Read The Insider Russian report on this same topic here.

In  a preceding report on the investigation into the two suspects in the Skripals poisoning case, Bellingcat and its reporting partner the Insider disclosed the identity of one of the two suspects. The person travelling under the alias of Ruslan Boshirov was identified as GRU’s Col. Anatoliy Chepiga, recipient of Russia’s highest state award.

Bellingcat can now report that it has conclusively identified the second suspect, who travelled to Salisbury under the alias Alexander Petrov. We already produced evidence that “Alexander Petrov” is not an authentic persona, but an undercover alias for an officer of a Russian security agency. In a later report, we established that “Petrov” was specifically working for Russia’s military intelligence, the GRU.

“We already produced evidence that “Alexander Petrov” is not an authentic persona, but an undercover alias for an officer of a Russian security agency.”

We have identified “Alexander Petrov” to be in fact Dr. Alexander Yevgeniyevich Mishkin, a trained military doctor in the employ of the GRU. Furthermore, multiple witnesses familiar with Alexander Mishkin and his family have confirmed to us that he, like Col. Chepiga, is a recipient of the Hero of Russia award, which is bestowed by a special decree by the Russian President.

While Alexander Mishkin’s true persona has an even smaller digital footprint than Anatoliy Chepiga’s, Bellingcat has been able to establish many key facts from his background.

Who is Alexander Mishkin?

Alexander Mishkin was born on 13 July, 1979 in the village of Loyga, in the Archangelsk District in Northern European Russia. Loyga, inhabited by just over a thousand residents, is so remote that it has no road access to the rest of Russia, and for most of the year is only reachable via a narrow-gauge railroad. Alexander Mishkin lived in his home village until at least 1995, until he was sixteen. For a large part of his school years, Mishkin lived with his grandmother, Loyga’s only medical practitioner at the time.

At some point between 1995 and 1999, Alexander Mishkin moved to St. Petersburg. We could not establish what led to the initial relocation, although some people familiar with his family reported that he enrolled at a military academy. We have established with certainty however that no later than 2001 he was a student at the “S. Kirov” Military Medical Academy, which is popularly referred to in Russian as Voyenmed. Mishkin studied at the Academy’s 4th Faculty, which trains military doctors for Russia’s naval armed forces.  He specialised in undersea and hypobaric medicine. Mishkin graduated the Academy in 2006 or 2007 with a medical degree and rank of senior lieutenant, which is the default rank granted to all military doctors in Russia.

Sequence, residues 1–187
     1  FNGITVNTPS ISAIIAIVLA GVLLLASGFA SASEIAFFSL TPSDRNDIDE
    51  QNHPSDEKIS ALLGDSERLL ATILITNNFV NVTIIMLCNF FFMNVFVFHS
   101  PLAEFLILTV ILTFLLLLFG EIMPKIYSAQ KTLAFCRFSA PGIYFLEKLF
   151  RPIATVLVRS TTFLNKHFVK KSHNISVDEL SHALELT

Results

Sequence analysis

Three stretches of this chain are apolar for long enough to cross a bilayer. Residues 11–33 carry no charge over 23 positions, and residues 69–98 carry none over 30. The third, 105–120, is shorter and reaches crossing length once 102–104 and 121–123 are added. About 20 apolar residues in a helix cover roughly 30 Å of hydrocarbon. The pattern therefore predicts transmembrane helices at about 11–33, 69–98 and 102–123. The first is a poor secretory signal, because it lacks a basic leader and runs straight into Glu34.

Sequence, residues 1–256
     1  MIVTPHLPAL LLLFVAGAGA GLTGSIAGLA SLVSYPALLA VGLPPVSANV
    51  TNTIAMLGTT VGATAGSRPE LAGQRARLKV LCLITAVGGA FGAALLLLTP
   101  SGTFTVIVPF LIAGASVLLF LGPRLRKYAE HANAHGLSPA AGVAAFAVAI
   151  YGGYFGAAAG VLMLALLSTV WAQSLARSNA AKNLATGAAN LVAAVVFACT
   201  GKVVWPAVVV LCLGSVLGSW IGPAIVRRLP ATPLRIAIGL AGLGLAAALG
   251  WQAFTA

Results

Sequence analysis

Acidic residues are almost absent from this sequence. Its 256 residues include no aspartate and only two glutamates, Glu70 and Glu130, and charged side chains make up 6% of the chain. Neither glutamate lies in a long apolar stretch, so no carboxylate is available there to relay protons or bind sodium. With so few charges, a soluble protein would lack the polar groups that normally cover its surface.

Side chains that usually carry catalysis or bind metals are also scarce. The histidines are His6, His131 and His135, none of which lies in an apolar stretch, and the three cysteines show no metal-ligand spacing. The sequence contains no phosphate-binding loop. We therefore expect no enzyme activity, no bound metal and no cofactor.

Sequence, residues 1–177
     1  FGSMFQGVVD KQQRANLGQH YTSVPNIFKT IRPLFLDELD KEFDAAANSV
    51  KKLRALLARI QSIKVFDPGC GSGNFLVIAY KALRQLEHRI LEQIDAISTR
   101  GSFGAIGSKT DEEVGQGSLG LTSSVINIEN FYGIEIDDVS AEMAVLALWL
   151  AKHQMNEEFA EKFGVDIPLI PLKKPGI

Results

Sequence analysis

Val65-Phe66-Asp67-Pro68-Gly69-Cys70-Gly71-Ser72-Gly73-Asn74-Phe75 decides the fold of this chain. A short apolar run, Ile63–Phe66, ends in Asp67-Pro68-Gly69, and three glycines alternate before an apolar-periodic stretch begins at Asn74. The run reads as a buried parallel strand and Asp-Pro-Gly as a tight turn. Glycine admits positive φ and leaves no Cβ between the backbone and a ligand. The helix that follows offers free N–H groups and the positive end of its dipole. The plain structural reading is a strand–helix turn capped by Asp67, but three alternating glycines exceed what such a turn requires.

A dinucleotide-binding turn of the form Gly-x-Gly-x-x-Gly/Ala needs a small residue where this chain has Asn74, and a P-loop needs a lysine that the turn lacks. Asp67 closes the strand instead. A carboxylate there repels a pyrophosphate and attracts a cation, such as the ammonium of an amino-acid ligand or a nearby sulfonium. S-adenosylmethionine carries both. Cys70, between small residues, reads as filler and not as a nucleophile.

It is not certain at what point — before, during or after his military medical studies — Mishkin was recruited to work for the GRU. However, no earlier than 2007 and no later than 2010 he relocated to Moscow and received an undercover identity, including a second national ID and travel passport, under the alias Alexander Petrov.

Unlike the case of Anatoliy Chepiga, “Petrov”’s cover identity retained most of the biographical characteristics of the authentic Mishkin – such as the exact birth date, first and patronymic name, and first names of his parents. The family name was changed to Petrov, and the birthplace was moved to Kotlas, town approximately 100 km from his actual place of birth (reaching Kotlas from Loyga by car, ironically enough, takes 10 hours as it requires a 350-km detour). Under his cover identity, Mishkin was registered at a Moscow address occupied by a different individual who is likely unrelated to him and unaware of his existence. The real Mishkin, under his authentic identity, lived with his wife and two children at a different address in Moscow.

“Under his cover identity, Mishkin was registered at a Moscow address occupied by a different individual who is likely unrelated to him and unaware of his existence.”

Incomplete border crossing data obtained by Bellingcat shows that in the period 2010-2013 Mishkin travelled — under his undercover persona of Petrov — multiple times to Ukraine, and often crossed by car into and back from the self-declared Transnistrian Republic where he stayed for short periods of time.  His last trip to Ukraine was in mid-December 2013. Mishkin’s travel itinerary from 2016 and on was reported previously by us.